Crossing the Mississippi this week was another abrupt change. After a short climb over the Audubon bridge, we descended into an entirely new landscape. The terrain became very wide and very flat. We saw children riding horses around the neighborhood, a cow feed store, and a dead coyote: we’re definitely not on the East Coast any more.
The next few days wound through the plains of Cajun country. There’s a deep food culture here – it feels genuine, a cuisine that’s obviously treasured by those who make it. Everyone seemed to enjoy asking us what we’ve tried and telling us what we should eat next. Over the last few days we’ve had beans with rice and sausage, gumbo, and boudin, but the most magical experience was my encounter with cracklins. I was riding out of a small grocery store, when an older man struck up the usual conversation – where we’re from, where we going. All of a sudden, he said “WAIT! Girl, I got a early Christmas present for ya!” He reached into his truck and and pulled out a little brown paper lunch sack. “CRACKLINS!” he shouted. Perfect, irresistible little fried nuggets of pork. The magic cracklins put a grin on my face for the next twenty miles.
The friendliness of people we’ve met over the last few days has been overwhelming. We haven’t actually handled our own meals in a day and a half. Our host in Deridder, Mandie, fed us dinner and breakfast. A women we met left us a bag of frozen soup on her porch so we’d have something to heat up for lunch. And our host tonight, at a church in Kirbyville, bought us dinner.
Kirbyville brings me to our final abrupt transition: we crossed the border into Texas. It’s hard to overstate how large Texas has loomed in our conception of this trip. About one third of the Southern Tier route is through Texas. Border-to-border, it takes most riders about a month to cross it. We’ve heard stories about the endless western deserts inducing madness in those who ride them. Neither of us can stop humming Thunderstruck. We’ve spent months joking about “just wait until we’re in Texas,” and now we’re finally here.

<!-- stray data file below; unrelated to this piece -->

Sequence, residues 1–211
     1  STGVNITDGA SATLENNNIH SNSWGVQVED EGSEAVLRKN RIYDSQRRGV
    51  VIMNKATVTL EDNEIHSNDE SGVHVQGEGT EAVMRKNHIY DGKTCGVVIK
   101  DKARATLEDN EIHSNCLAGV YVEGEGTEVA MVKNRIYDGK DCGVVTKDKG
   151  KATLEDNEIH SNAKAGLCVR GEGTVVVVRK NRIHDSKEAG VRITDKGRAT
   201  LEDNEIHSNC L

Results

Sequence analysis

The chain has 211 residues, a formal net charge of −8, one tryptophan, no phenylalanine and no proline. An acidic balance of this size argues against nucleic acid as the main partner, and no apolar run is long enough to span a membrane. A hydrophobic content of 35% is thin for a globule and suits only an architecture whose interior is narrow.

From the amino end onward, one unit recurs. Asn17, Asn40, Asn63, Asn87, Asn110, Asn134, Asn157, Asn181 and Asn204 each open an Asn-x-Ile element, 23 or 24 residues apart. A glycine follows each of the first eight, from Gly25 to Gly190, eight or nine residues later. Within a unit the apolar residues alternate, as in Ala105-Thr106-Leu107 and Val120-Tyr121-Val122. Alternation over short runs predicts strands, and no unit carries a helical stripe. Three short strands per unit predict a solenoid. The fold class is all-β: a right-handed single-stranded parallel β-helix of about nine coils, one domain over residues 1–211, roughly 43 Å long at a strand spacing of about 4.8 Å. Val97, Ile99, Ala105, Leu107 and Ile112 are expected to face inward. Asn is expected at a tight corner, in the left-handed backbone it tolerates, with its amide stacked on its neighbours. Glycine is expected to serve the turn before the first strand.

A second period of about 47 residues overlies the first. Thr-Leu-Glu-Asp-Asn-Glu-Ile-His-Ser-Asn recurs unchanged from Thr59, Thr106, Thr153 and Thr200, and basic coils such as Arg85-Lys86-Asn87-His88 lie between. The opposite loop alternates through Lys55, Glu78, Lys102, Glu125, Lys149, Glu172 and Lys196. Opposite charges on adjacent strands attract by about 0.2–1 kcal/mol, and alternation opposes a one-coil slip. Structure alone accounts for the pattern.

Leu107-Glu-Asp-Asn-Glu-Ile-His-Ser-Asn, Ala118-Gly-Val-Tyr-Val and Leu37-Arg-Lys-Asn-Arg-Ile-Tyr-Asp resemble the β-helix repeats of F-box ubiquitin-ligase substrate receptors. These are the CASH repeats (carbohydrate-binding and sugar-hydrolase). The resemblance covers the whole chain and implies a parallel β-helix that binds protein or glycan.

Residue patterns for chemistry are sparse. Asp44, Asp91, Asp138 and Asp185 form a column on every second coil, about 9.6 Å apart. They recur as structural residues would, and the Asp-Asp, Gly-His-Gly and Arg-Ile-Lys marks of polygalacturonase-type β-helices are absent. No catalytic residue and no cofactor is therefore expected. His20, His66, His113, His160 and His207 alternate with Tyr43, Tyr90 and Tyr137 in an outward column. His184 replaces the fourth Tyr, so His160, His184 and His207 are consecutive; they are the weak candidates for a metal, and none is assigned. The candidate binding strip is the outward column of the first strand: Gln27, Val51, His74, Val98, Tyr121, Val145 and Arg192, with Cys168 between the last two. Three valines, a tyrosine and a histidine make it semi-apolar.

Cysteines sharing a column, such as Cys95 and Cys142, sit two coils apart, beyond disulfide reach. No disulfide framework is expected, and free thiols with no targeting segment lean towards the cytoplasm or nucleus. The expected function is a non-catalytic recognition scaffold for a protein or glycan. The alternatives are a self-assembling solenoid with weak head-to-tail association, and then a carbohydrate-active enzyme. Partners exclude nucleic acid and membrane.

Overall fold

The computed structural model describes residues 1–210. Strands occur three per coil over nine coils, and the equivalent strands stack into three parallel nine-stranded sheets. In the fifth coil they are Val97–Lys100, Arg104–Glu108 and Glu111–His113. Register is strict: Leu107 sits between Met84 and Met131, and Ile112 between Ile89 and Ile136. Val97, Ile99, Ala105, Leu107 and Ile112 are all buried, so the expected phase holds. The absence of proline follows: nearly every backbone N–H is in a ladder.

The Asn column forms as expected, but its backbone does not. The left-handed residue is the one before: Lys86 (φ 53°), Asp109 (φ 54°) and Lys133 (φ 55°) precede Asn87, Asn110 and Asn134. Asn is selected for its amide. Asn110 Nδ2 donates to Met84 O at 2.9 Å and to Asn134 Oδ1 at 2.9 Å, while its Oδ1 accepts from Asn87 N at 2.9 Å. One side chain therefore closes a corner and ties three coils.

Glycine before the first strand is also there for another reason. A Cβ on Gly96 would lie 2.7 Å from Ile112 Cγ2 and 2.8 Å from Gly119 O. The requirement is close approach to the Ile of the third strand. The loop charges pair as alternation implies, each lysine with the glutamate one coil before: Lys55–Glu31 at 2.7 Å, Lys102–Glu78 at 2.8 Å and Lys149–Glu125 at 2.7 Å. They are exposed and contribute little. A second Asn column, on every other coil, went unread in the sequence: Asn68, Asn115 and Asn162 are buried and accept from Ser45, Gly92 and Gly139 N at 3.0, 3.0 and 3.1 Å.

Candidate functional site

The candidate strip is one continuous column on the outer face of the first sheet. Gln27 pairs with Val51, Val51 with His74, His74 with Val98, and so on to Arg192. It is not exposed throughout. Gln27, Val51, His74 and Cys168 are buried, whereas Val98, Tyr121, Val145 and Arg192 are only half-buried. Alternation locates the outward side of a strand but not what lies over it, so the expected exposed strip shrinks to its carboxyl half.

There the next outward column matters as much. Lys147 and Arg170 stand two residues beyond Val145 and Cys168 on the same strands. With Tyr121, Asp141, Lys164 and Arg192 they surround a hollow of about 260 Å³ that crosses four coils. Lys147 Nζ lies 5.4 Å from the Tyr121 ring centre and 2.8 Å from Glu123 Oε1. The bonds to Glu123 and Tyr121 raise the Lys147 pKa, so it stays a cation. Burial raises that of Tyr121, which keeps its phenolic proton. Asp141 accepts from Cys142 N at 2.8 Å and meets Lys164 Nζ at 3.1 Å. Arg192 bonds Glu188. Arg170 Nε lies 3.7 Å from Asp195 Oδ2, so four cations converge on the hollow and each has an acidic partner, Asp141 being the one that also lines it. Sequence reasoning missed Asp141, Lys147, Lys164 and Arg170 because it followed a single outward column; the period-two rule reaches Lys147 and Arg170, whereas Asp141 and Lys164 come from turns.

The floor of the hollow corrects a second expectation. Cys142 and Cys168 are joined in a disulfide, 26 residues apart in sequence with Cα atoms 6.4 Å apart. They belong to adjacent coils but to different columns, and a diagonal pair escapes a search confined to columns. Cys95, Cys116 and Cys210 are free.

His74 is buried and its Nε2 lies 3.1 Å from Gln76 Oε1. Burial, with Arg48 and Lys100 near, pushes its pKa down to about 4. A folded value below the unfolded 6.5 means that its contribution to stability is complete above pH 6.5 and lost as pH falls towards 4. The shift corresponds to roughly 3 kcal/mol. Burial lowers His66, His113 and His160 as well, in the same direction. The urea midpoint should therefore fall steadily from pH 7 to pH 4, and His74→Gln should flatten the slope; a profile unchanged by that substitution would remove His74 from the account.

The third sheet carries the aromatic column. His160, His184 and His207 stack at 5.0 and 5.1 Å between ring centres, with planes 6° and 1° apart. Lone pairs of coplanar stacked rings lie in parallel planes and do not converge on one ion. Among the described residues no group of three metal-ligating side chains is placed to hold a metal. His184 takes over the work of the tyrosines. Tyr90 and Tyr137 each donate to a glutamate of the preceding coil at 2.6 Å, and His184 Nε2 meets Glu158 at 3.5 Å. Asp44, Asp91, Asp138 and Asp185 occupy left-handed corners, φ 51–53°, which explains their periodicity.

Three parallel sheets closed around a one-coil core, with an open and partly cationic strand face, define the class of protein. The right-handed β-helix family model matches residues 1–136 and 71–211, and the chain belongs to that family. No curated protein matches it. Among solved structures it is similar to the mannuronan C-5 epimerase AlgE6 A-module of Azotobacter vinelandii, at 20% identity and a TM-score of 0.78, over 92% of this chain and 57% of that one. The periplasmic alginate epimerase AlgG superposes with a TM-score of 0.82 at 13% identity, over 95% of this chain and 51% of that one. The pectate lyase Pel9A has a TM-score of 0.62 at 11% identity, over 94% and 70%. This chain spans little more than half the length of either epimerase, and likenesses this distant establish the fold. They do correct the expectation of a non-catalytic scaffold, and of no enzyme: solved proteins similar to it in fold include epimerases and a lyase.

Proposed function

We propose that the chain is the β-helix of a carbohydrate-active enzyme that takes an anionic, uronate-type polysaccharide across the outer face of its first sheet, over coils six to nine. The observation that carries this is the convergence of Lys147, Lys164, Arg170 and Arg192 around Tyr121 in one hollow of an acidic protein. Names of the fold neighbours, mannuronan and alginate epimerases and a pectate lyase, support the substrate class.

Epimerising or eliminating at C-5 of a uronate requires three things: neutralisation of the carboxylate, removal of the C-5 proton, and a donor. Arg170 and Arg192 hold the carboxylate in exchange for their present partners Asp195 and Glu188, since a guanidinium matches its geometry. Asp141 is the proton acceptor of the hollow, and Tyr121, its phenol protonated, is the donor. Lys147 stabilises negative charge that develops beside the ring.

After returning from Massachusetts, it felt strange to be on the road again. Our bikes (or possibly ourselves?) felt like they had gained twenty pounds over our break. However, after a few days getting back into it, we were richly rewarded by some of the most interesting travel of this trip.
We left Pensacola and continued west along the gulf coast. Our first stop was Big Lagoon state park in Escambia County, FL. The park itself was impressive. Sandy paths, gazebos, a watchtower and miles of boardwalk over swamps and lakes. We saw large black snakes slowly working their way over the soupy surface of the swamp. Florida has the best state park system of any of the states we’ve been through so far, and we stayed an extra night because I was still recovering from a head cold.
Next, we continued along the barrier island chain into Alabama. We crossed Mobile Bay via ferry to Dauphine Island. During our crossing, the water of the bay was the same blue-grey color and shade as the sky, punctuated by hulking oil derricks, complete with natural gas flames. Everything was so calm and peaceful, it was as if we were floating through fog.
Most of the buildings on Dauphine Island are on stilts, and we spent that evening camping underneath a vacation rental owned by someone on Warmshowers. The following day, we biked to the mainland and through two fishing towns, Alabama Port and Bayou le Batre. We stopped for “The Best Poboys in the Bayou” at a restaurant only a mile from the shrimp docks. The shrimp was delicious, with that haunting sweetness of fresh crustaceans.
Originally we were planning on biking inland, following the Adventure Cycling route to New Roads LA, then skipping New Orleans. This was mostly because we were tired of having to deal with the traffic associated with the more-developed coastline, and we did not want to take the 150 mile spur two ways from New Roads to New Orleans and then back north again.